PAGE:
Making a Christmas Party Look Big Easy

Case StudyEvents

Careful orchestration turned San Francisco into New Orleans for a night of surprises

Editor’s Note: For a behind-the-scenes look at planning an annual Christmas party for 2,000 people in San Francisco, we chatted with Billy Cook, executive designer, and Tina Hirshberg Novelo, event manager, for Taste Catering and Event Planning.

Business Goal: This was a chance to celebrate a productive year and thank employees for a job well done. It also needed to reinforce the sense of purpose for employees.

Challenges: Designers focused on breaking the cavernous Bill Graham Civic Auditorium into smaller areas with a lot of experiences that unfold as attendees move through the six-hour evening. The flow had to make sense, and new reveals had to take place every couple of hours to keep people engaged.

On the food and beverage side, more than 30 percent of attendees are likely to have food restrictions at any event in California, and traditional New Orleans fare does not lend itself to special diets—so chefs had to be creative.

Event Solution: Guests arrived through security check-in tents at a prereception area under the awning of the auditorium. A New Orleans jazz band, signature Bourbon Street-inspired cocktails and a make-your-own mask station set the Big Easy mood. Soon, a marching band arrived and led guests into the main stage area, which was filled with bayou swamp-inspired plants, vintage bird cages and antique wooden benches. Colored foliage patterns lit the ceiling, and moody up-lighting set the tone of an evening on the bayou.

Buskers offered entertainment throughout the night. Around the corner, a shadow lounge area was staffed with face painters, and a black-light photo booth was ensconced in the alcoves. Fortune-tellers held court on mismatched vintage furniture in a series of mini-boudoirs created with rustic, wooden wall flats, draped with black and mulberry-colored silks, tassels, beaded curtains and mirrors. At the back of the room, a silent disco appeared as the evening progressed.

In the center of the room, a large carousel canopy anchored a central bar, complete with carousel horses. The team presented lots of beverage-station options, some with wine and beer only, others with specialty cocktails or full bars. Separate water stations made grabbing a nonalcoholic drink quick and easy.

Multiple food areas presented themselves throughout the night, starting with a country picnic display that included gluten-free biscuits, deviled eggs like mom made and cauliflower etouffee with Soyrizo andouille (in other words, a vegan take on a Creole classic). This was replaced hours later with a sweet and savory beignet bar and a Voodoo Donuts wall shipped fresh from Portland.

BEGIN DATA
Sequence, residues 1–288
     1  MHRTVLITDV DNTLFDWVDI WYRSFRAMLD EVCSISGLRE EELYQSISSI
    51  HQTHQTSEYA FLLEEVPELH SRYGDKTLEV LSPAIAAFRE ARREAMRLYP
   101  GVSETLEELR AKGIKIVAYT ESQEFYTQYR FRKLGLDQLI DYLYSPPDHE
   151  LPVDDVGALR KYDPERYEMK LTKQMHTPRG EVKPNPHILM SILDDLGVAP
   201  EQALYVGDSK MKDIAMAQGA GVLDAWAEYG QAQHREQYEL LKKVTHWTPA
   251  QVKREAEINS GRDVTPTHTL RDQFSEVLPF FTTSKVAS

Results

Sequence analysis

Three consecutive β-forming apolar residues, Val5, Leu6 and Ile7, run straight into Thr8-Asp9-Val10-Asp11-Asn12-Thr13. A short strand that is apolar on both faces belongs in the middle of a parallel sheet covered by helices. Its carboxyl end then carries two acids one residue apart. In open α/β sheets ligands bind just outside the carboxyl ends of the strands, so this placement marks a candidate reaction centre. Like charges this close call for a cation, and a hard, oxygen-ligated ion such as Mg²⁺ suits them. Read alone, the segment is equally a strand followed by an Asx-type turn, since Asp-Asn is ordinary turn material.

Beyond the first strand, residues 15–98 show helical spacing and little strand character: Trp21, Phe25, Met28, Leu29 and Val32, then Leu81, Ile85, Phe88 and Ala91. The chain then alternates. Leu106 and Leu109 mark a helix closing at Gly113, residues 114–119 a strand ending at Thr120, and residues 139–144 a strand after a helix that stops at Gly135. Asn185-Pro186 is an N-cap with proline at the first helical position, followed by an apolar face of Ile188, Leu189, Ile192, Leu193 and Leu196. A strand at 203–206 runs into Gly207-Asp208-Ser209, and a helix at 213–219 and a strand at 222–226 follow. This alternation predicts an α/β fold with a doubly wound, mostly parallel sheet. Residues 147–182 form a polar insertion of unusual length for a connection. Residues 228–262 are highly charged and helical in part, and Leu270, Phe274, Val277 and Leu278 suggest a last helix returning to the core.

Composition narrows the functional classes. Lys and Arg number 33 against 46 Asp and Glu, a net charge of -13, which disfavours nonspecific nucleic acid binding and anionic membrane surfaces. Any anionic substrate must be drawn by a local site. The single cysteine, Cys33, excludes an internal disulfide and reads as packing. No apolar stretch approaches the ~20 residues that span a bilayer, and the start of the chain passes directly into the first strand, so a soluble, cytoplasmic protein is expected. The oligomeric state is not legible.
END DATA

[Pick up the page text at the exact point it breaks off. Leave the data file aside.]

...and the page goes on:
Later, a caravan of food trucks arrived, creating fresh excitement and less expense than keeping catering staff until the wee hours of the morning.

Focal Point: After the marching band led attendees to center stage, the CEO of the hosting company addressed attendees and showed a video of a small-business owner in Louisiana who uses the company’s product to run her business, which transitions female parolees to life outside prison. That brought home the mission of the company, and gave everyone a renewed sense of purpose.

Cook noted the importance of having a big “group” moment everyone can share. That could be a toast, dance, giveaway or, in one case, confetti cannons that doused everyone in shredded paper.

Interactive Elements: At the end of the night, dessert was served at an action station outside—bananas foster on a stick set on fire. “Flaming food is always fun,” Hirshberg Novelo says. Food and beverage can be a compelling way to include attendees as part of the production.

Success Measurements: The team knew catering worked because there were no lines. Plus, surveys and buzz confirmed that everyone was thrilled.

Lessons Learned: Success requires editing to fit the budget and flow. A big event is like a major performance, with lots of scenery to be brought in and a set-up that lasts an entire day. Cook describes it as a choreographed ballet of loading lighting, audio, video, floral and custom furnishings. Work started at 8 a.m. for an 8 p.m. opening, and deliveries in the front and back of the building had to be carefully managed all day. Some great ideas not possible to execute within the time frame had to be re-thought, and many of those adjustments led to even better solutions, he reports.

Cook also stresses the importance of being culturally sensitive. For that reason, instead of creating something resembling a voodoo lounge, they presented a Bourbon Street shadow lounge vibe without the religious overtones.

Bonus Tip: Start planning a year ahead for something of this size. Space in a city such as San Francisco is tight, especially when large tech companies bring in global teams for annual bonding.